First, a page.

Sunday, March 13th, 2022, at 2:00 a.m. local time we set our clocks forward 1-hour as Daylight-Saving (that’s right, it’s “Saving,” not “Savings”) Time rears its ugly head once again. While losing an hour of sleep is simply an annoyance for most of us, there can be real daylight-saving health effects for some people. Sleep experts say losing that sleep time could make a significant difference in your health. That 1-hour may not sound like much, but studies have linked it to increased traffic accidents, higher rates of stroke, and a bump in heart attacks. Specifically, the University of Alabama and a team of researchers in Michigan hospitals both suggest the rate of heart attacks can jump as much as 25% the Monday after we “spring forward.” Lead author and cardiology fellow Dr. Amneet Sandhu, says, “It may mean that people who are already vulnerable to heart disease may be at greater risk right after sudden time changes.”
Daylight-saving, which was started to conserve energy, forces our internal body clocks to compete with our watches. Inside the brain’s hypothalamus is a “master” called the suprachiasmatic nucleus (SCN), which uses hormonal & chemical signals to sync time throughout the body. Our internal clocks regulate processes including liver function, the immune system, and our body’s physiology, which means any disruption can have significant effects.
Dr. Holly Phillips states any daylight-saving health effects come down to two things: stress and sleep deprivation. “When we are sleep deprived or stressed, there are more inflammatory markers in our bloodstream, and that inflammation raises our risk of heart attacks,” she explains.
If you’re chronically sleep-deprived, which most people are, daylight-saving will only exacerbate that fact. While being tired and stressed is detrimental to our health any time of year, the effects can become compounded by the time change.
In a 2015 study published in Sleep Medicine, researchers compared the rate of strokes during the week after daylight-saving to the rate 2-weeks before or 2-weeks after. They found the rate was 8% higher the first 2-days after the shift: People over age 65 were 20% more likely to have a stroke than during other times of the year, and people with cancer were 25% more likely.
A 2019 report found a higher risk of heart attack after both daylight-saving & standard time changes, but particularly during daylight-saving.
Interruptions to circadian rhythm can also impair focus and judgment. A 2020 study found fatal traffic accidents increased by 6% in the U.S. during daylight-saving.
So what can we do to combat the effects of Daylight-Saving Time on the body?
How to Easily Adjust to Daylight-Saving Time:
- Take it easy on daylight-saving weekend. Make slight adjustments to your schedule in the days leading up to the time change. Go to bed 15-20 minutes early in the days beforehand; that will help your body acclimate to the difference. And feel free to nap on Sunday – but “no longer than 20 minutes” warns The Better Sleep Council.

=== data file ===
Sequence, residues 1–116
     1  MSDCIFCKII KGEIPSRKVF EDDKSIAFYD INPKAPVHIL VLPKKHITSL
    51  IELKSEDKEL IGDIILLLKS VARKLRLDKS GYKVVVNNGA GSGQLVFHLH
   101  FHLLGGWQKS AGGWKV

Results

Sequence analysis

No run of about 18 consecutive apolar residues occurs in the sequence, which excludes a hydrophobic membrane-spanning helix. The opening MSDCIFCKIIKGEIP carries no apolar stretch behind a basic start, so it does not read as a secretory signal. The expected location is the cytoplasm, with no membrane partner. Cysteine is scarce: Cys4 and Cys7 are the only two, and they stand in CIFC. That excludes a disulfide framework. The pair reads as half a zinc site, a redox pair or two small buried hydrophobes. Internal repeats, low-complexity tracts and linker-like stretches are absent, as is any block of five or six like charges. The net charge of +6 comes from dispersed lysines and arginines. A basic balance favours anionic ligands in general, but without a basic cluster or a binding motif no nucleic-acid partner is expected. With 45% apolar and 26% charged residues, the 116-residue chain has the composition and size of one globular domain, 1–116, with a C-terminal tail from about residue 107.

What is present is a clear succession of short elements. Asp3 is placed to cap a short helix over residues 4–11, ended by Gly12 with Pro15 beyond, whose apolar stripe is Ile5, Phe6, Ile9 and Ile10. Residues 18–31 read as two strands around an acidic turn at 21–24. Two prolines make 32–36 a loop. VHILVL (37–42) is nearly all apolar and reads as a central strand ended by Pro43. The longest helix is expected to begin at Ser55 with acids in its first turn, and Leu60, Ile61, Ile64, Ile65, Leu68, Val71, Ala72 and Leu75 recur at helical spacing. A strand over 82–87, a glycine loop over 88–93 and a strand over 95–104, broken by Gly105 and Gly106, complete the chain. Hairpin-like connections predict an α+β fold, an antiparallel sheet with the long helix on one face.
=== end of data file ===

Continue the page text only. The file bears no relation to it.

- Getting up at your normal time will help your body adjust – regardless of what time the sun rises.
- Be extra aware on the roads – 100,000 auto accidents are caused by driver fatigue each year, and sleep deprivation due to the time change leads to an increase in crashes.
- Get some exercise! Working out during the day can help you sleep better, as long as it’s not within 2-hours of bedtime.
- Avoid alcohol, caffeine, and processed sugars – all common causes of poor sleep.
- Avoid heavy meals within a couple hours of bedtime.
- Avoid too much screen time before bed. Take time to wind down. Turn off all distracting devices. Put down your smartphone and read a book, sip a cup of tea, or soak in a relaxing bath – adding a few drops of lavender can help you destress completely and promote a good night’s rest.
- Make your bedroom a sanctuary of calm. Create the perfect environment for sleep by keeping the room dark, quiet, and calm – no TV in the bedroom!
These daylight-saving health tips should make for a smoother transition when you “spring forward, yet they are good advice any time of year; try making them a regular part of your commitment to wellness!
Daylight-Saving Time lasts a total of 34-weeks in the U.S., from early-to-mid March until early November. The custom has been a subject of debate with much argument for quite some time. If you wish you could just skip all the clock-changing hassle, you’re not alone. A 2014 poll found only 33% of American adults think observing Daylight-Saving Time is worth the trouble. In fact, people are so tired of losing an hour of sleep, there are dozens of petitions to abolish the practice online at Change.org.
Are you for it or against it? Why?
For the time being, there’s not much we can do about “Spring Forward” aside from taking steps to adjust to Daylight-Saving Time as smoothly as possible. What steps do you take to make better sleep a part of your healthy lifestyle?
Cheers to your health today and every day!